In 1941, James Agee and Walker Evans published Let Us Now Praise Famous Men, a four-hundred-page prose symphony about three tenant farming families in Hale County, Alabama at the height of the Great Depression. The book shattered journalistic and literary conventions. Critic Lionel Trilling called it the ìmost realistic and most important moral effort of our American generation.î
The origins of Agee and Evan's famous collaboration date back to an assignment for Fortune magazine, which sent them to Alabama in the summer of 1936 to report a story that was never published. Some have assumed that Fortune's editors shelved the story because of the unconventional style that marked Let Us Now Praise Famous Men, and for years the original report was lost.
But fifty years after Ageeís death, a trove of his manuscripts turned out to include a typescript labeled ìCotton Tenants.î Once examined, the pages made it clear that Agee had in fact written a masterly, 30,000-word report for Fortune.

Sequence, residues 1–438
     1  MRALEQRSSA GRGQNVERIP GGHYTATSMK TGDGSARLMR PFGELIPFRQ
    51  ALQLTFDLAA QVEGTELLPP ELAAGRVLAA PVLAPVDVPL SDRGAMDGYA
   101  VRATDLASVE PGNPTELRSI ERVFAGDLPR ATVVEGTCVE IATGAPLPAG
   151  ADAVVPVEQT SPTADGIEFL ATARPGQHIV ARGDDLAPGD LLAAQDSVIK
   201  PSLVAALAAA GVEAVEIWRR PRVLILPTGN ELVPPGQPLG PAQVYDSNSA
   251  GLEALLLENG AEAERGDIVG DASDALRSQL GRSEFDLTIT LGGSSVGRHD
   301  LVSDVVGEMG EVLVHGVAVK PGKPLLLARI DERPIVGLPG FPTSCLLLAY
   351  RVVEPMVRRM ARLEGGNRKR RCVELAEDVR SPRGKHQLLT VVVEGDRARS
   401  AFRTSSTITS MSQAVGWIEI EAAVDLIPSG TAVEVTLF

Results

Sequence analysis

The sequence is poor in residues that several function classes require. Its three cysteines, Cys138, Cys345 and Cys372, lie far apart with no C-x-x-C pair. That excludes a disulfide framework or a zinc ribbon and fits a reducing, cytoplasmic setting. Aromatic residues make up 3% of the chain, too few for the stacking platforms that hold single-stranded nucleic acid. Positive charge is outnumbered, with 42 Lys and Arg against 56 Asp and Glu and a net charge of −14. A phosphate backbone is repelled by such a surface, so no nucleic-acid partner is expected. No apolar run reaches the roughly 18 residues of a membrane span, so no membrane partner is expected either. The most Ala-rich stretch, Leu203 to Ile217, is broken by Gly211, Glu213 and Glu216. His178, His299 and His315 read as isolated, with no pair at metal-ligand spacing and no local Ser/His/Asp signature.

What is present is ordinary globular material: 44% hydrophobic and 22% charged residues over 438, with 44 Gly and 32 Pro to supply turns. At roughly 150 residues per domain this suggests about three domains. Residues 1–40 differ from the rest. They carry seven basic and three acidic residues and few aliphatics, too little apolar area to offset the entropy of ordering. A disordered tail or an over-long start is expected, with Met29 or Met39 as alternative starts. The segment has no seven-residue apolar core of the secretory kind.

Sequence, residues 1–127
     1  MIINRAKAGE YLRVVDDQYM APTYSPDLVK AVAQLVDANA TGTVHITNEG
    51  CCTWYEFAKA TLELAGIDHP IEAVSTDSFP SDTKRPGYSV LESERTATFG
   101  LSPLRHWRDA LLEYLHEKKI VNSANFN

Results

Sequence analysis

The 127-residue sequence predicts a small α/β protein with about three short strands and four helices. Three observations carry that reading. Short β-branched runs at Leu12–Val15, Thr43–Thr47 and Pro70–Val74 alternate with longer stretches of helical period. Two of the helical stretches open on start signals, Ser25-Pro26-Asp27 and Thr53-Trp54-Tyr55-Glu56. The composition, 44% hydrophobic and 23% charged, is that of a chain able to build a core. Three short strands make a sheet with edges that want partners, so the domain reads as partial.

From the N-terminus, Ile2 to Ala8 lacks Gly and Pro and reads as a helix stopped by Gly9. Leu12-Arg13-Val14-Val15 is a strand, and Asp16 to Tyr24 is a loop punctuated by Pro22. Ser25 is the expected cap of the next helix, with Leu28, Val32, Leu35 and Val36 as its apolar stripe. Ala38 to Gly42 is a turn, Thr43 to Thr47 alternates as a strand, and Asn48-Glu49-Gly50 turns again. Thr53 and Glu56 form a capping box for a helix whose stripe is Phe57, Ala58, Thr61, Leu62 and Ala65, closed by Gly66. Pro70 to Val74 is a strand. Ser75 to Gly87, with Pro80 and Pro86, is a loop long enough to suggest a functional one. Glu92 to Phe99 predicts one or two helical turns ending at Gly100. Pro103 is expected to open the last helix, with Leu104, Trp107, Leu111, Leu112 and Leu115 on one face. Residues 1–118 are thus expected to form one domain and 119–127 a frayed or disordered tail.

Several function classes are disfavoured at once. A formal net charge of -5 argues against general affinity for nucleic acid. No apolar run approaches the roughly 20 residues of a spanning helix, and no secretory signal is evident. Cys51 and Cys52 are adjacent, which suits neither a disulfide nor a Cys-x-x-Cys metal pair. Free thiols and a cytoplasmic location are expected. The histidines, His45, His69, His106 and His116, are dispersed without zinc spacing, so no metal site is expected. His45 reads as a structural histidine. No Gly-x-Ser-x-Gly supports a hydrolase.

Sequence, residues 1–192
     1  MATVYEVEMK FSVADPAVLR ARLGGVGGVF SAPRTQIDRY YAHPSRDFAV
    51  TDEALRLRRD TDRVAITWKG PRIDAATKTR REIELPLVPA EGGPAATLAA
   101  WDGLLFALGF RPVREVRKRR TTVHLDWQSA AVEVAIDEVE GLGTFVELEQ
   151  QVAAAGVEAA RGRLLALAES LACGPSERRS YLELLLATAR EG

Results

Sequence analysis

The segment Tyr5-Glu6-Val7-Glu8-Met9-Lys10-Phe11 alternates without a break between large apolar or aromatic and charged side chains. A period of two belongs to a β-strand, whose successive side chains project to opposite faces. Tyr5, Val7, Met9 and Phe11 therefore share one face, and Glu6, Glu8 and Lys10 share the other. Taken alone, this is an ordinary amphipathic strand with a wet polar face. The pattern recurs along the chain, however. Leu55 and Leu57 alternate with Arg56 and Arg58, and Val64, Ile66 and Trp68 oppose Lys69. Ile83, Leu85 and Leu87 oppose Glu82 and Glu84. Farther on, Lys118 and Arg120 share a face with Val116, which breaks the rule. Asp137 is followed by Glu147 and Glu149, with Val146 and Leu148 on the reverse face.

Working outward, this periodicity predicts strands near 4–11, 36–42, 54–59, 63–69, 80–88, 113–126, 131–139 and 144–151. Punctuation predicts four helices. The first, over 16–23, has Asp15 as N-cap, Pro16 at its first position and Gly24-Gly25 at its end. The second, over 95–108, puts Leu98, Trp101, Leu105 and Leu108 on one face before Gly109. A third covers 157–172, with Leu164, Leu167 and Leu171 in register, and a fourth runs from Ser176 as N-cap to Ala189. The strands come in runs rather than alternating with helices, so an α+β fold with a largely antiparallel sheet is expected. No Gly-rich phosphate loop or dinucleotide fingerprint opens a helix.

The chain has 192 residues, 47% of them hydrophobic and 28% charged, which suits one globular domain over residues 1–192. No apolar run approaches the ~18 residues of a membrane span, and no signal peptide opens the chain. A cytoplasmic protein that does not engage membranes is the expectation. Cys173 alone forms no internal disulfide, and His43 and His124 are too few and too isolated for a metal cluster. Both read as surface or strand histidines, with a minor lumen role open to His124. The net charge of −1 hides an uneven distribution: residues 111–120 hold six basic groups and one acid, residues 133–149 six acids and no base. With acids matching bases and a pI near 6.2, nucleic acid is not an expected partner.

Seven decades have passed since Agee (A Death in the Family) and Evans were commissioned by Fortune magazine to "report on working conditions of poor white farmers in the deep south." The report itself was never published, and the manuscript stayed forgotten until as late as 2003, when it was exhumed from Agee's Greenwich Village home by one of his daughters. It is a time capsule: open it and you are transported to "a brief account of what happens to human life," specifically the lives of three impoverished tenant farmers Floyd Burroughs, Bud Fields, and Frank Tingle and their families, captured in Agee's honest, unflinching, and brilliant prose. Readers familiar with Agee's Let Us Now Praise Famous Men will relish what is more than "source material", and recognize, for example, many of Agee's description of the diet, shelter, and labor of an Alabama tenant family. To readers unfamiliar, this will be an unexpected pleasure. It is the minute detail of the work that brings Depression-era Alabama to life, including the colloquialisms, (Miss Mary's calling the babies "coons"), medicinal remedies (swampwillow bark for chills, cottonseed poultices for head pains, rattlesnake grease for rheumatism), and the leisure time "of people who work." Photos.